Purpose: BKV infection is associated with a progressive decline in renal function in renal transplant recipients with a significant incidence of graft loss (30-40%) in the setting of BKV allograft nephropathy (BKVAN). BK viremia serves as a quantifiable surrogate marker of the course of infection and has to be aggressively managed to preempt the development of BKVAN.
Methods: An intensive post-transplant screening protocol, early diagnosis and reduction in immunosuppression with/without the use of antiviral therapy – Leflunomide (LF) with/without low dose Cidofovir (CIDF) [0.25-0.40 mg/kg] has been utilized to preempt the development of BKVAN. CIDF was used instead of LF in the setting of initial high serum viral titers & when use of LF had no significant effect on serum viral titers. Demographics, immunosuppressive therapy with immune monitoring, viral PCR assays, allograft biopsies, clinical course, renal function & graft outcome were studied.
Results: Retrospective data (2006-date) – 57 patients with BKV infection (viruria ± viremia) diagnosed in 431 consecutive renal transplants. Median time to diagnosis – 120 days (range 21-1460 days). 41/57 patients (72%) had BK viremia, median viral load 10,100 copies (range 300->39 million copies). Allograft biopsies – performed in 27 patients (7 positive for BKVAN).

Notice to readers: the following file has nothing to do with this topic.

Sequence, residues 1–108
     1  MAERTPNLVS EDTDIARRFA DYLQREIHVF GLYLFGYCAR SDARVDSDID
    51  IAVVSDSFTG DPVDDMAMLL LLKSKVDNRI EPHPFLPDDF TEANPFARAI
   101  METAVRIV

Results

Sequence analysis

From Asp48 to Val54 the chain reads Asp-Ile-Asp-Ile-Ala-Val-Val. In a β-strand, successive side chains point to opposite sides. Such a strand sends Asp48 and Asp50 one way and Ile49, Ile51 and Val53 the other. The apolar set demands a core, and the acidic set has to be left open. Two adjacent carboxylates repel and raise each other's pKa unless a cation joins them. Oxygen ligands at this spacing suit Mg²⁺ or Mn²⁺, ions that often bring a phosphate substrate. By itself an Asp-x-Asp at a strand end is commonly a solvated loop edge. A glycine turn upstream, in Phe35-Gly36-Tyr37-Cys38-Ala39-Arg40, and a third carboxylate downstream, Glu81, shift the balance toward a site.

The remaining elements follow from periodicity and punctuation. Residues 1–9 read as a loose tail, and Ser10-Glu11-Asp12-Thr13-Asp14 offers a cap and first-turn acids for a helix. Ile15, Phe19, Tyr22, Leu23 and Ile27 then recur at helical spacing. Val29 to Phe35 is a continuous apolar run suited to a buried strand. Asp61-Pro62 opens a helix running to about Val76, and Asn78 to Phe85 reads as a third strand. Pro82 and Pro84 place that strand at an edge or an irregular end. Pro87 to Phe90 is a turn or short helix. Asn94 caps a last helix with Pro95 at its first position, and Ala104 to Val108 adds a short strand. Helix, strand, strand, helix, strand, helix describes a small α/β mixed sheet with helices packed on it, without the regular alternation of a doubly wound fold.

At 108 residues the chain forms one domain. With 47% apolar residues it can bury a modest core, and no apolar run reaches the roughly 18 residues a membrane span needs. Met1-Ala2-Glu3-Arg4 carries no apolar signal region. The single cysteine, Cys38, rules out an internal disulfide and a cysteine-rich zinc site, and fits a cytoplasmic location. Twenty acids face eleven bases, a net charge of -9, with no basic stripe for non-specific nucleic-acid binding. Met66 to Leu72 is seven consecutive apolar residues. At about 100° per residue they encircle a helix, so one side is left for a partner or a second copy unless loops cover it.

Group 1 (Viruria only): 16 patients: 15 patients (median viral load 39 million, range 800-> 100 billion) cleared with reduction in immunosuppression (R-IM) and 1 cleared with R-IM+LF.
Group 2 (Viruria + Viremia): 41 patients: 19 cleared with R-IM, 9 with R-IM+LF. One graft lost to BKVAN. 1 patient – being treated with R-IM+LF with significant reduction in viremia.
CIDF group: 11 patients (4 have BKVAN) – 4 cleared viremia (mean 13 doses), 5 patients have had significant reduction in viremia with ongoing treatment (mean 16.4 doses) and 2 patients have just initiated treatment.
The mean serum creatinine for patients in Group 2 – 1.3 (range 0.6-2.2). There have been only 2 graft losses: 1 due to BKVAN (early in study, no antiviral Rx) & the other to chronic antibody mediated rejection.
Conclusions: Early clearance of BK viremia significantly reduces the potential for graft loss. We advocate this approach together with use of low dose Cidofovir which is well tolerated with clearance of BK and stabilization of renal function.
To cite this abstract in AMA style:Varma C, Cipollina G, Le M, Gupta M, Kotru A. BK Virus (BKV) Infection in Renal Transplantation: Excellent Outcomes with a Protocol of Intensive Post-Transplant Screening with Reduction in Immunosuppression & Treatment with Leflunomide and/or Low Dose Cidofovir [abstract]. Am J Transplant. 2013; 13 (suppl 5). https://atcmeetingabstracts.com/abstract/bk-virus-bkv-infection-in-renal-transplantation-excellent-outcomes-with-a-protocol-of-intensive-post-transplant-screening-with-reduction-in-immunosuppression-treatment-with-leflunomide-andor/. Accessed May 27, 2020.
« Back to 2013 American Transplant Congress